Judge: We can't rely on what Apple tells court in privacy suit

U.S. Magistrate Judge Paul S. Grewal orders Apple to show the court what it's doing to produce documents in a suit related to the gathering of location-tracking data in iOS.

Apple's CEO Tim Cook unveiling the iPhone 5. James Martin/CNET
Apple must detail for a court what it's doing to produce documents in a privacy suit, a judge ruled, saying he has already "refereed" this particular dispute and that he can no longer believe what the company tells him.

U.S. Magistrate Judge Paul S. Grewal issued the order March 6 after the plaintiffs in the case accused Apple of withholding documents it had been ordered to turn over. He noted that while the plaintiffs "presented to the court little more than suspicions that Apple has withheld responsive documents," Apple provided enough evidence on its own to indicate to the court that it hasn't complied with the order. He added that Apple's outside counsel "admitted as much" at a March 5 hearing.

"In light of Apple's performance in this case, the court cannot rely on its representations that this time it really has or will produce all responsive documents," Grewal wrote. "Apple now must show the court that it has complied with its discovery obligations."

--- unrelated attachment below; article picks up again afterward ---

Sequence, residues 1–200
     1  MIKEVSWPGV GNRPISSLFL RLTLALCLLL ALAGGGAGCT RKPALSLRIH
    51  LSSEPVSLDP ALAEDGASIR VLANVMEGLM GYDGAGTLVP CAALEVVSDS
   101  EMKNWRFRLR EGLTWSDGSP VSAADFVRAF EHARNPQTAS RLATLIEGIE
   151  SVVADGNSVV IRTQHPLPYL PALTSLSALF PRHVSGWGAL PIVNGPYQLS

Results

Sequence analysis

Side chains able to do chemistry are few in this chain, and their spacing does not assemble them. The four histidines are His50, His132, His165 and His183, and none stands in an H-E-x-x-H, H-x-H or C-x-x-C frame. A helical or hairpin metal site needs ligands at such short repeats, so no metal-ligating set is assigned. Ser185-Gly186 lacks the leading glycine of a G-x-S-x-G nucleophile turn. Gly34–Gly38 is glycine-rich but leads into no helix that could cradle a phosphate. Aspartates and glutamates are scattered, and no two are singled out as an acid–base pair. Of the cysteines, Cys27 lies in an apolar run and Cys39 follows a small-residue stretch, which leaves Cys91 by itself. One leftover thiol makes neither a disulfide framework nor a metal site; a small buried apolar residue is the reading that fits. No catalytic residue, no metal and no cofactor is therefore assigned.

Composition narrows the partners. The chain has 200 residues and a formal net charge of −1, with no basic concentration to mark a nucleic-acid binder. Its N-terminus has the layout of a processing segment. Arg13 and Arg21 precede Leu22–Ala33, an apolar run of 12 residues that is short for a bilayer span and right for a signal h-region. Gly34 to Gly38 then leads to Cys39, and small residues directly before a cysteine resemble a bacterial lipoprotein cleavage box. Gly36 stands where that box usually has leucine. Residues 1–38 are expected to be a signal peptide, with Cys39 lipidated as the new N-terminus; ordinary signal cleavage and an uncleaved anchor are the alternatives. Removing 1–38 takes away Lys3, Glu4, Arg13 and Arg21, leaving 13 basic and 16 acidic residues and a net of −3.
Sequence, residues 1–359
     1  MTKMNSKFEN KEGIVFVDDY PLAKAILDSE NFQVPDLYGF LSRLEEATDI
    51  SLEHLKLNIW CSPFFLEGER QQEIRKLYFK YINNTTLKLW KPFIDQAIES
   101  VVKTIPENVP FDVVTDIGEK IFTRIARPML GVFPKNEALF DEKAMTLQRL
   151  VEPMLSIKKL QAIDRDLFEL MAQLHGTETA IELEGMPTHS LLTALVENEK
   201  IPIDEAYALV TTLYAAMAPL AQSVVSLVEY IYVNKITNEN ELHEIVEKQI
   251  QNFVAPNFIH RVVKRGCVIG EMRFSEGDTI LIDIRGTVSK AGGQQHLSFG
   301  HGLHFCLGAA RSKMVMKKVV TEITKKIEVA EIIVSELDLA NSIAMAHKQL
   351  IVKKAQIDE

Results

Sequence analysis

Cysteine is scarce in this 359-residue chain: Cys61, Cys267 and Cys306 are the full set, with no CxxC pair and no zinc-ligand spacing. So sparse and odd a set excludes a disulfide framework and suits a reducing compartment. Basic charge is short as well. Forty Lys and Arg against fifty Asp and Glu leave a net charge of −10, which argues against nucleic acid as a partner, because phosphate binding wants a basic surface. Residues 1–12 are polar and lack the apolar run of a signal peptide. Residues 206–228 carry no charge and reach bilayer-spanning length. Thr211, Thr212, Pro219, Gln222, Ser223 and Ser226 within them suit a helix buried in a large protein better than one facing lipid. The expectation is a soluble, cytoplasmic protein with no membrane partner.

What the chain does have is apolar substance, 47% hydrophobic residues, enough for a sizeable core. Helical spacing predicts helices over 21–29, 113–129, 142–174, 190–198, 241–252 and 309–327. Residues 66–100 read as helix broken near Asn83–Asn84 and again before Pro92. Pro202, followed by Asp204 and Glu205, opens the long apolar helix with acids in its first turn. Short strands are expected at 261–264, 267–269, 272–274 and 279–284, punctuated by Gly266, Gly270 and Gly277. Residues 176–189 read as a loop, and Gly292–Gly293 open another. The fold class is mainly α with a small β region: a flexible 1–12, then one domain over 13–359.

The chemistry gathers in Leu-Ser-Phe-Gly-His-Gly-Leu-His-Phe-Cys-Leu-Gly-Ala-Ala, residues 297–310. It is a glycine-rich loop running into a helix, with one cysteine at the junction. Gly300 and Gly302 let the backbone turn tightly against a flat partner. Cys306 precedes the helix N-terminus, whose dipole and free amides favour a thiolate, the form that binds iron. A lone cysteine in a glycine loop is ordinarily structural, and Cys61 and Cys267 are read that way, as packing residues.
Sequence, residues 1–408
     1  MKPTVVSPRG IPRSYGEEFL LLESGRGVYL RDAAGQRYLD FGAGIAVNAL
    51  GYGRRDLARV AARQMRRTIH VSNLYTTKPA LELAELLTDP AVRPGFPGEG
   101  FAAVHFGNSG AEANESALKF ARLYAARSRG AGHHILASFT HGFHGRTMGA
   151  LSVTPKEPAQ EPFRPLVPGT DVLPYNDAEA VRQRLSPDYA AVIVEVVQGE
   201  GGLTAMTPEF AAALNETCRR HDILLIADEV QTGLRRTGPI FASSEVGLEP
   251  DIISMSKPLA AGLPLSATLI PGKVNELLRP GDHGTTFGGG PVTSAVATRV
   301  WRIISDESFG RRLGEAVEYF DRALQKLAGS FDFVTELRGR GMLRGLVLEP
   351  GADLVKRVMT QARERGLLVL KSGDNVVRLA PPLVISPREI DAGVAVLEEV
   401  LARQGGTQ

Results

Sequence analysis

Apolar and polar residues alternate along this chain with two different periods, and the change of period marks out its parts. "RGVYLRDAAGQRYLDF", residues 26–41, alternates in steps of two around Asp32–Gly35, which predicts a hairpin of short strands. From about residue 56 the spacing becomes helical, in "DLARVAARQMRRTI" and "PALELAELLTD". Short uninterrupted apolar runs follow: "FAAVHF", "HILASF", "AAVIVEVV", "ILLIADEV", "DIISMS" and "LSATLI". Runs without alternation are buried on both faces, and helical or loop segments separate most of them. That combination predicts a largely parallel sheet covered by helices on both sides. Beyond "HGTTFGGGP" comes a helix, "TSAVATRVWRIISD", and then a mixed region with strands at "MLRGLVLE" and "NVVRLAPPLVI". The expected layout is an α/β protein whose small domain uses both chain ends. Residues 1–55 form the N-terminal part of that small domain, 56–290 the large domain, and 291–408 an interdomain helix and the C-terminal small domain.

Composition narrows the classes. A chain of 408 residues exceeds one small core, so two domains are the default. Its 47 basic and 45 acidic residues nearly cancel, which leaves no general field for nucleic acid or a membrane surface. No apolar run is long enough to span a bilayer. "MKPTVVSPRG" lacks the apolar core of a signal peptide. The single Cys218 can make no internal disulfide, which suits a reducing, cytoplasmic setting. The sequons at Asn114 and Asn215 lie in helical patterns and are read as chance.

Apple has until 5 p.m. today to provide the court with a detailed account of what it's doing to gather and examine the documents. It then has until March 18 to provide unredacted copies of certain documents to the plaintiffs.

We've contacted Apple and will update the report when we hear back.

The suit, filed in 2011, accuses Apple of violating privacy laws by keeping a log of user locations via iPhone even if customers had turned off geolocation capabilities. Apple has fought against providing certain documents that it says contain sensitive information that could harm the company and millions of its customers if it fell into the wrong hands.

The plaintiffs said in a motion earlier this week that they were "shocked to learn that Apple failed to review the files of senior executives, such as Steve Jobs." Apple's lawyers said that not providing documents from Jobs and other top executives was a mistake. They noted in a court filing from earlier this week that Apple had discovered it didn't correctly search senior executives' files and that it had provided more documents to the plaintiffs after making the discovery. S. Ashlie Beringer, one of Apple's lawyers, wrote:

While Apple and its counsel do not believe that any of the documents produced this week impact the outcome of the pending class certification and summary judgment motions, they recognize that they should have discovered and produced these documents sooner, and have advised plaintiffs that they do not oppose the filing of any supplemental briefing that plaintiffs believe is necessary to address the recent production.

(Via Bloomberg)

 

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